The boss eventually arrived at 1:30 and off we went in a brand new 4x4, Michael Jackson’s greatest hits on the stereo. Soon out of the 2 street town and heading up valley at speed. Stopped off for photos at a beautiful turquoise white lake, then zoomed up valley, frozen patches of snow and ice in valley bottom, road turning to gravel and start of switchbacks up to Chola Pass. Bloke stopping to chat with municipal workers all way up mtn and really nice guy.  Narrow mud and rock roadway, snow all up hills, thick in parts, trucks winding their way up and us going pretty quick, although his driving good. I feel bit sick, probably due to hungry and thirsty plus altitude and driving fast.  Old wreck of a destroyed truck down below, logs scattered down hillside above it. Passed through goal post prayer flags at top of 4800m pass and then down other side, the way narrower here with steeper drops, but great views of surrounding snow covered peaks.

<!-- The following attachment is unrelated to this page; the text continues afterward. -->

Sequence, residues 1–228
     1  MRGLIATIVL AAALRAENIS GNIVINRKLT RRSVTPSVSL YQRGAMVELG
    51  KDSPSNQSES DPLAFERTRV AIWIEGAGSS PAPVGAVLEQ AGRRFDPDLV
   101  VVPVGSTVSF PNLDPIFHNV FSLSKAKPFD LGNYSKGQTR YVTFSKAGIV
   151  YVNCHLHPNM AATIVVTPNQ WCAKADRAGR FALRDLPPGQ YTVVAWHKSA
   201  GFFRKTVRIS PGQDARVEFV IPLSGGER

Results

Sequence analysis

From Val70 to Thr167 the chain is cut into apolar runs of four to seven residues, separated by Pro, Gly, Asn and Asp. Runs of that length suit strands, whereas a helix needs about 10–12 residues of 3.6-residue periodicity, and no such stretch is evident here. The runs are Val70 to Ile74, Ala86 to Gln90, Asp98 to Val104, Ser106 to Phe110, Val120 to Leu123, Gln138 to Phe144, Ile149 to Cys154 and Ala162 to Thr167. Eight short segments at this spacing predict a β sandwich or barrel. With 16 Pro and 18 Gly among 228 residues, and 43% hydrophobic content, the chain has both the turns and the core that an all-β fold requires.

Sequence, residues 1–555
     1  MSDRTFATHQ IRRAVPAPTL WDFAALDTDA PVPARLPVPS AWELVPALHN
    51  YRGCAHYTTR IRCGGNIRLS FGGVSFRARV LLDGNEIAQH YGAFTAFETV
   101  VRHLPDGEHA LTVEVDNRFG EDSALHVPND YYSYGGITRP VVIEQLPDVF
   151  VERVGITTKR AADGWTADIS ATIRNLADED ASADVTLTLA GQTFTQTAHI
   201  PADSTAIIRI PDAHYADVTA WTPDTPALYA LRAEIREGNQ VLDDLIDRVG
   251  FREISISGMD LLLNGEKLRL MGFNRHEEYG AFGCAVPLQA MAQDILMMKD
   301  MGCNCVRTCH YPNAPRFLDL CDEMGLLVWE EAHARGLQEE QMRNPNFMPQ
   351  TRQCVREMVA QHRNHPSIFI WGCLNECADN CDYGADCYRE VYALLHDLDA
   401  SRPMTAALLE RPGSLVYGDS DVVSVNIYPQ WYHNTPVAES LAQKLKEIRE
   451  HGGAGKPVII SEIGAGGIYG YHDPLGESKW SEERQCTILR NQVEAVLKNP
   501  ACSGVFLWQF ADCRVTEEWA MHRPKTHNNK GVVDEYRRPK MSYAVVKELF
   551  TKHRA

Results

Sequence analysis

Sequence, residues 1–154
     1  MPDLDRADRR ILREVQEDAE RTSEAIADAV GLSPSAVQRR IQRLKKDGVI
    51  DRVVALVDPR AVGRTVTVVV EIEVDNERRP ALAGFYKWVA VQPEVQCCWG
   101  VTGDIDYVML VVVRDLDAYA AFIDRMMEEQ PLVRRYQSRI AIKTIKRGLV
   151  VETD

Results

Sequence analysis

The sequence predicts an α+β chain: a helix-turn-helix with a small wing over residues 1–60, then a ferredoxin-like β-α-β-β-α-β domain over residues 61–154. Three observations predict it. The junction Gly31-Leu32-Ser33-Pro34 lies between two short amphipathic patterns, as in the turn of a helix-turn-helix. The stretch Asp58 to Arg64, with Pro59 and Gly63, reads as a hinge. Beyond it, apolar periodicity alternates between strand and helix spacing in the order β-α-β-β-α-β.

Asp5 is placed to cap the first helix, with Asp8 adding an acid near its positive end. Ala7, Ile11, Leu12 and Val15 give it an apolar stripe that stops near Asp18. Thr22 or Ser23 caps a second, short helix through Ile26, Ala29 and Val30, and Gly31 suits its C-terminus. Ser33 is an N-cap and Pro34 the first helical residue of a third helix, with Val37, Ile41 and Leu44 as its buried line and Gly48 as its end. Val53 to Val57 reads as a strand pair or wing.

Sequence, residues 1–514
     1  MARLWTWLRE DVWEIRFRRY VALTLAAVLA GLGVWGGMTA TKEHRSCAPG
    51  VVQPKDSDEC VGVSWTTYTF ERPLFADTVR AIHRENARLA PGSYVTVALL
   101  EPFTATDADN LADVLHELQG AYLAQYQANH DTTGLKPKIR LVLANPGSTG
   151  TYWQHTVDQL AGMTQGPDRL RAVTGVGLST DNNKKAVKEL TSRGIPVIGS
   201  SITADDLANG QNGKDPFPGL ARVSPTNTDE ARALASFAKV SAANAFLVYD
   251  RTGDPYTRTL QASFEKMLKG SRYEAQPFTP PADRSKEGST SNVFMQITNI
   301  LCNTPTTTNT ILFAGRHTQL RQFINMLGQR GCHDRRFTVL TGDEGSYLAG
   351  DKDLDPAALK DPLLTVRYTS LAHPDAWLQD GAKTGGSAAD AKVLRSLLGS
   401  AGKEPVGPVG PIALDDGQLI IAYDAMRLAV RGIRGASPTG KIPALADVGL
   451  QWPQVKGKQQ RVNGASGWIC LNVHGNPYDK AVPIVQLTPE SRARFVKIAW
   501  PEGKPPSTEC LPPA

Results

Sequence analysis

Once off the dangerous switchbacks, bloke really got going and we zoomed along past small homes amongst the pine trees. Group of villagers loading fresh cut pine trees onto a truck which they would sell. Valley narrowed into a tight rock walled gorge, river running in bottom, prayer flags scattered all over the place especially across bridges. Arrived Dege 5ish, then the hunt for accommodation. Looked at some crappy places wanting 80/100Y room. Luckily a small town so kept looking. Bumped into a monk who suggested I try just up road where Id not been yet. Beds there were only 20Y so got my own room for 40Y (2 beds). Share bathrooms a bit grim but room fine and owners really friendly so the price is right!